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Ratio, proportion, variation. Arithmetic, geometric, harmonic progression. Geometric series. Permutations. Combinations. Binomial formula. Inequalities.

Ratio, proportion, variation.

Def. Ratio. The ratio a:b of two numbers a and b is the fraction a/b e.g. the ratio 2:3 is the fraction 2/3.

Def. Proportion. A statement of equality of two ratios i.e. an equation whose members are ratios as in

Here a and d are called the extremes and b and c are called the means.

Laws of proportion. If

then the following hold:

Def. Direct variation. A variable y is said to vary directly as another variable x if y is equal to some constant c times x i.e. y = cx.

Def. Inverse variation. A variable y is said to vary inversely as another variable x if y varies directly as the reciprocal of x i.e. y = c/x.

Def. Joint variation. A variable z is said to vary jointly as x and y if z varies directly as the product xy i.e. y = cxy.

Progressions

Def. Sequence. A sequence is a set of numbers or quantities arranged in a definite order. The numbers of a sequence are called terms. Sequences may be finite or infinite.

Def. Arithmetic Progression. A sequence of numbers, each of which is equal to the preceding term and a constant. If a denotes the first term and d the constant, any arithmetic progression is represented by

a, a + d, a + 2d, a + 3d, a + 4d, .... .

The number d is called the common difference and may be any number, positive or negative.

Syn. Arithmetic sequence.

Examples.

1) 2, 5, 8, 11, 14, ...

2) 8, 4, 0, -4, -8 -12, ...

3) ½, 3, 5½, 8, 10½, ...

Formulas for n-th term and sum of n terms of an arithmetic progression. If a is the first term, d the common difference, n the number of terms, l the n-th term (last term), and S the sum of n terms, then the formulas for the n-th term and sum of n terms are given by

n-th term:

l = a + (n - 1)d

Sum of n terms:

Def. Geometric progression. A sequence of numbers each of which, after the first, is obtained by multiplying the preceding number by a constant called the common ratio. If a denotes the first term and r the common ratio, the progression is represented by

a, ar, ar^{2}, ar^{3}, ar^{4}, ...

Example. 3, 6, 12, 24, 48, ... is a geometric progression whose common ratio is 2.

Formula for n-th term and sum of n terms of an geometric progression. If a is the first term, r the common ratio, n the number of terms, l the n-th term (last term), and S the sum of n terms, then the formulas for the n-th term and sum of n terms are given by

n-th term:

l = ar^{n-1}

Sum of n terms:

If r is numerically less than 1, S approaches the limit S_{∞} as n increases without limit

Def. Geometric series. The indicated sum of the first n terms of a geometric progression

S_{n} = r + ar + ar^{2} + ar^{3} + .... + ar ^{n-1}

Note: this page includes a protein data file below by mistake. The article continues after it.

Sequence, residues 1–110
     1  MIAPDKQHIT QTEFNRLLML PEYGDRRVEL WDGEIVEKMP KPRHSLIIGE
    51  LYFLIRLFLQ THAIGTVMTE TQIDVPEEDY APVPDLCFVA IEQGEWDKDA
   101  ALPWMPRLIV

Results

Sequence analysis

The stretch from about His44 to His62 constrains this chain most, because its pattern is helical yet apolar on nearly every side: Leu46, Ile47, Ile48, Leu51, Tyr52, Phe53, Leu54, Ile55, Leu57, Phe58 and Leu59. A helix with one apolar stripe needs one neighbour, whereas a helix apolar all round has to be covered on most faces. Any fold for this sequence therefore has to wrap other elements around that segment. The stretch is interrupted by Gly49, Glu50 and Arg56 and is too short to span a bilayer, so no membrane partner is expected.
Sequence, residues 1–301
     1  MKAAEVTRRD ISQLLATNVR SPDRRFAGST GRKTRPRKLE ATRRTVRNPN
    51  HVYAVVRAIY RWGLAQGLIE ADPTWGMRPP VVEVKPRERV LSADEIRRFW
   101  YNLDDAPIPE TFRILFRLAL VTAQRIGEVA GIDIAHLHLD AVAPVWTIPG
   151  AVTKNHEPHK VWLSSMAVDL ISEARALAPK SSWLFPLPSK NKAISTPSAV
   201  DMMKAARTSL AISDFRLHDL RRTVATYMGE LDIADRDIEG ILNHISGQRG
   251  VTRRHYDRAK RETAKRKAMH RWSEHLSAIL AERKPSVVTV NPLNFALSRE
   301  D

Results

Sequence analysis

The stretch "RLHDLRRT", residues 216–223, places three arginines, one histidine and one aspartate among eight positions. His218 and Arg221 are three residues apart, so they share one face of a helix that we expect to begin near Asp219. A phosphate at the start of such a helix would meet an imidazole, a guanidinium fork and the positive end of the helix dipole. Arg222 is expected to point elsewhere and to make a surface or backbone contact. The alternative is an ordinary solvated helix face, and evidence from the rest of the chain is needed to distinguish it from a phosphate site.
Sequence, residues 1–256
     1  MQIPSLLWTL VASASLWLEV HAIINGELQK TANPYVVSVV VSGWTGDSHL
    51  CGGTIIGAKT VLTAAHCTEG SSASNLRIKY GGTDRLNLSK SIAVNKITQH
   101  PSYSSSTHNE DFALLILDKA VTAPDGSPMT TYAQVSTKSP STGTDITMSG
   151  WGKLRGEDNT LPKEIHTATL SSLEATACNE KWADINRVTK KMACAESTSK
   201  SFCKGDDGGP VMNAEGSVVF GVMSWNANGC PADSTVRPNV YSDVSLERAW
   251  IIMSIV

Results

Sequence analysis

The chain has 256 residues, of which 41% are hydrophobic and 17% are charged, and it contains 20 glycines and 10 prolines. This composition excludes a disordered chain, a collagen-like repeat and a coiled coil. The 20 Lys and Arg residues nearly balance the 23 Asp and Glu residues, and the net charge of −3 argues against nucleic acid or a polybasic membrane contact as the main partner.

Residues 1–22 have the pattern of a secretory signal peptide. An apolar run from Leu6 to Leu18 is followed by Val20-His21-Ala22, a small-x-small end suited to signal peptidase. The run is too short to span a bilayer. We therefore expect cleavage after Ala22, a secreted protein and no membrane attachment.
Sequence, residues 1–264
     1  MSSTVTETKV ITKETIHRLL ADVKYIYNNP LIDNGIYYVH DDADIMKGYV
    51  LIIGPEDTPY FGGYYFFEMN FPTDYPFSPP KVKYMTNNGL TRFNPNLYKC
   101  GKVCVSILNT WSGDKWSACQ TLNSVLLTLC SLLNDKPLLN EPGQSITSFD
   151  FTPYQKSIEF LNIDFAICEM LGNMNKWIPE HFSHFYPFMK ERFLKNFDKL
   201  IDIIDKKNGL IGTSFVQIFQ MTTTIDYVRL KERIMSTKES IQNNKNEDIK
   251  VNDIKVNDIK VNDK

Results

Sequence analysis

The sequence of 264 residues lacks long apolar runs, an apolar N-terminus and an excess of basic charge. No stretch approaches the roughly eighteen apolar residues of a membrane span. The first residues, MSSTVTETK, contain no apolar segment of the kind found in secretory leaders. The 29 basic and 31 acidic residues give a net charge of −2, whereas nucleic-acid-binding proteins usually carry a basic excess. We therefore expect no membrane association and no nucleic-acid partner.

This sum is given by

Def. Harmonic Progression. A sequence of numbers whose reciprocals form an arithmetic progression.

Example. The sequence

is a harmonic progression since 2, 4, 6, 8, 10, ... is an arithmetic progression.

Permutations and combinations

Fundamental Principle. If one thing can be done in m different ways, and after it is done a second thing can be done in n different ways, then the two things can be done in succession in mn different ways.

Example 1. Q. In walking from point A to point B one can take any one of three roads. In going from point B to point C he has a choice of four roads. By how many different routes can he walk from A to C? A. 3×4 = 12 different routes.

Example 2. Q. At a restaurant one is offered a choice of four meat courses and five deserts. In how many ways can he select a meal consisting of a meat course and a desert? A. 4×5 = 20 ways.

Example 3. Q. In how many ways can one select a meal from a choice of three soups, four meats, and three deserts? A. 3×4×3 =36 ways.

Def. Permutation. An ordered arrangement or sequence of all or part of a set of things. If we
are given a set of n different objects and arrange r of them in a definite order, such an ordered
arrangement is called a permutation *of the n objects r at a time*. For example, the permutations of
the three letters a, b, c taken all at a time are abc, acb, bca, bac, cba, cab. Each of these
represents a separate permutation of the letters a, b, c. The permutations of the three letters a, b,
c taken two at a time are ab, ac, ba, bc, ca, cb.

The number of permutations that can be formed in a particular situation is found by using the Fundamental Principle stated above.

Example 1. How many permutations of four letters can be formed from the letters a, b, c, d, e, f, g?

Solution. Seven letters can be put in the first position, then six letters can be put in the second position, then five letters can be put in the third position, then four letters can be put in the fourth position. Thus the answer is 7∙6∙5∙4 = 840.

Example 2. How many integers of four figures can be formed from the nine digits 1, 2, 3, 4, 5, 6, 7, 8, 9 if none is used twice?